What’s YOUR sex positivity?

Hi, I’m Violet, your friendly neighbourhood rambler and overthinker! πŸ˜‚

A few weeks ago I saw a post on my Twitter feed, retweeted by Girl On The Net (her content’s brilliant and I highly recommend you check out her blog if you’ve not already!) regarding modern attitudes towards sex positivity and how for some, it can amount to pressure rather than liberation.

From my general understanding, “sex positivity” had been widely derived as a term celebrating and being completely open with one’s sexuality if you so wish to, not to stigmatise against consensual sexual acts previously considered taboo (i.e. in the BDSM community) and being, “sexually liberated”.

The term, “sexual liberation” meant challenging traditional roles in society when it came to sexuality and interpersonal relationships throughout certain points in history. To some, it can typically be seen as multiple sexual partners, no strings attached sex, exploring a range of different acts, practices etc. just safe fun with other consenting adults and having a whale of a time in the process.

But what if that’s not your own sexual liberation?

This is where, speaking from personal experiences, stigmas can come out to play. It’s not an uncommon misconception of being ‘sex positive’ meaning ‘you’re ok with everything relating to sex’. Not the case. No two people are ever the same. What’s right for one won’t be for another.

Unfortunately, some see that as a green light to then paint someone as, “not sex positive”, “old school”, “judging” if they don’t exactly agree with everything they do, and vice versa with the, “whore”, “slut”, “bike”, “loose morals” insults on the other sides of the spectrum.

This can turn in to social pressure, even shaming, being put on certain individuals. Some people don’t want to have no strings attached, some people don’t want to date regularly, and that’s perfectly fine. Some people do, again that’s perfectly fine. As long it’s between consenting adults, you’re being safe, no one is going behind anyone’s back and/or being messed around, you do you. That’s your business. Live and let live.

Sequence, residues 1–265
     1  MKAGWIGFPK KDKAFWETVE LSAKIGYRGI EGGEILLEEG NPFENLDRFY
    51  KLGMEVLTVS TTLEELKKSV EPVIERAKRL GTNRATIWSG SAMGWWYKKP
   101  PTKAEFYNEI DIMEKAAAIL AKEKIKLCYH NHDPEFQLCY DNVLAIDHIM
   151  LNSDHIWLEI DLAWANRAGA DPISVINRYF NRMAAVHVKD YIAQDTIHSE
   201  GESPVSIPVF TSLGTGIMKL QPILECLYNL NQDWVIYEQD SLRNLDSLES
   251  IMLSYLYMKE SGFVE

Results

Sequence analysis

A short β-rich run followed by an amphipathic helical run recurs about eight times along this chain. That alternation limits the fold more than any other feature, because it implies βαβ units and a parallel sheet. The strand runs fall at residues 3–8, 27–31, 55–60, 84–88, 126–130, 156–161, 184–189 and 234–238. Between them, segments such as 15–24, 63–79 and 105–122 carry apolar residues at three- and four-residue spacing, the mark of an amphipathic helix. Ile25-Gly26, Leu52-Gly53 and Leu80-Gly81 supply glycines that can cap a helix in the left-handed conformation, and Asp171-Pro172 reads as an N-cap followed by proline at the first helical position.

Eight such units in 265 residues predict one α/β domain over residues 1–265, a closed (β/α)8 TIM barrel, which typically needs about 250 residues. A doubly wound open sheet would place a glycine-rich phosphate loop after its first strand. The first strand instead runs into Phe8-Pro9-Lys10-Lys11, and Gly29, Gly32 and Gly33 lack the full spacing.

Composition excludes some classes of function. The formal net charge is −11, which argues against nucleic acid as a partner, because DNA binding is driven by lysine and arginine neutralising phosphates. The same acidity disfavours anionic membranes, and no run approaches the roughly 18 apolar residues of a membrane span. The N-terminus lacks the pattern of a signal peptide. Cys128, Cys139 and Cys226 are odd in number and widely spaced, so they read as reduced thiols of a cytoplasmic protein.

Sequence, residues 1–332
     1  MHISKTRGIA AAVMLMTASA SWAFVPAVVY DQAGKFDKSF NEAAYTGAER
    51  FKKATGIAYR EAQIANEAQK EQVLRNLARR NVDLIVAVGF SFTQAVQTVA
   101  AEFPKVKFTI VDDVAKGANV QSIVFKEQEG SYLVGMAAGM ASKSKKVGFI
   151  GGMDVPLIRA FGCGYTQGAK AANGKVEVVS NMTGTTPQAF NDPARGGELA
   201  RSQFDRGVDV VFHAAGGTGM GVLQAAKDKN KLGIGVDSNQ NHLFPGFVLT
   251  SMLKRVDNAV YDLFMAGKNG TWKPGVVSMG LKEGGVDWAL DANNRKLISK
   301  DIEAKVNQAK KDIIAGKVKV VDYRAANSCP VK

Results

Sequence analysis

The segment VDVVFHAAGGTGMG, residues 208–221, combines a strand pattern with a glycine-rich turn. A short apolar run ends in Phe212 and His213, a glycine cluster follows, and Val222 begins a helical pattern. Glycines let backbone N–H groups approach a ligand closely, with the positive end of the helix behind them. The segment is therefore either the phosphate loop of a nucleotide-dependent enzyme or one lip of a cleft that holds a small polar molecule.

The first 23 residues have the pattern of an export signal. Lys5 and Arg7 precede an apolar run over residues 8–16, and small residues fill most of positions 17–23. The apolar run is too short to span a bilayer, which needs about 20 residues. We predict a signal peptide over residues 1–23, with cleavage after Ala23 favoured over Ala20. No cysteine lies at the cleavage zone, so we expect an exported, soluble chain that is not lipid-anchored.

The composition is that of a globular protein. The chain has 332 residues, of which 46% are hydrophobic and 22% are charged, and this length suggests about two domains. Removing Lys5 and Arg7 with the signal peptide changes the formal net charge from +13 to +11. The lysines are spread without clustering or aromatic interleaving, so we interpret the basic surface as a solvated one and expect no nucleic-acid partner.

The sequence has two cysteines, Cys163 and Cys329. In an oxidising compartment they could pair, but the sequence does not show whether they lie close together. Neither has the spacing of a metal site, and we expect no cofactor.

Speaking for myself, throughout college and university, I was repeatedly labelled, “the sweet and innocent” one of the group, because I wasn’t seen romantically involved with multiple guys, didn’t have hook-ups etc. Sometimes some assume that if that’s the way you were, you must have this “holier than thou” attitude towards others’ escapades, but I didn’t and still don’t.

When it came to relationships and sex, I wouldn’t go out with someone just for the sake of it. I didn’t see the point in that. To me that would have been leading them on and I wasn’t prepared to do that. If I was going to do that, it would be with someone I was genuinely interested in and whose company I really enjoyed. On the sex front, I was only going to share with someone I deeply trusted and loved, or at the very least liked a whole lot. For some around me at the time, that was completely mind-blowing.

I had my fair share of people genuinely not being able to get their heads round that, or dishing out snarky remarks. I don’t mind being asked questions (the most common one was if I was devoutly Catholic. I’m not.) just as long as it’s not malicious. I remember once being told by a guy when in conversation about sex and love, that I, “wasn’t trying hard enough” to separate the two. I told him that I didn’t want to.

Why was sex and love together such a bad thing? Why did I need to, “loosen up”? Why did I need to find a man online to, “just go and get laid”? Why did I need to do these things if I didn’t want to or just wasn’t right for me? If it wasn’t my own sexual positivity?

It’s not that I hadn’t wanted to. With the men I did have passing flirtations with, where the opportunity presented itself for a night together, I’d be lying if I said I didn’t want to with some of them. By heaven, did I want to! But I knew full well I couldn’t sleep with them without having or developing a romantic attachment, which they weren’t looking for.

I knew a one night stand, where that wasn’t really the intention, no matter how great the sex, would have made me feel used, cheap, like some disposable fuck toy in the worst possible way. I remember wishing I wasn’t like that, but that’s just how I was made.

But my last year of uni and meeting new people changed that. As we became close friends, sex would come up in conversation. Their attitudes were much more accepting than those in the past. We were very jokey and regularly good-naturedly pulled each other’s legs these traits in our personalities. We never liked to take ourselves seriously, so banter filled piss takes were an everyday occurrence. I felt much more at ease.

At the end of the day, sex positivity is very subjective. It’s about (well, in my eyes anyway) doing what is best for you, feeling comfortable and happy in your own self. Whether you’re having casual sex or saving yourself for your future hubby or wifey, you have every right to feel safe and not ridiculed by people around you.

Do what is best for you, own it and stay safe, folks!

All my love,

Violet xx

*Picture – Pinterest

10 thoughts on “What’s YOUR sex positivity?

  1. I couldn’t agree with you more: live and let live, and do what’s best for you! If people just respected others’ choices and not make fun of it or ridicule it, the world would be a much better place!

    Rebel xox

    Liked by 1 person

  2. Pingback: Positivity & Changes #SoSS #42 - Rebel's Notes

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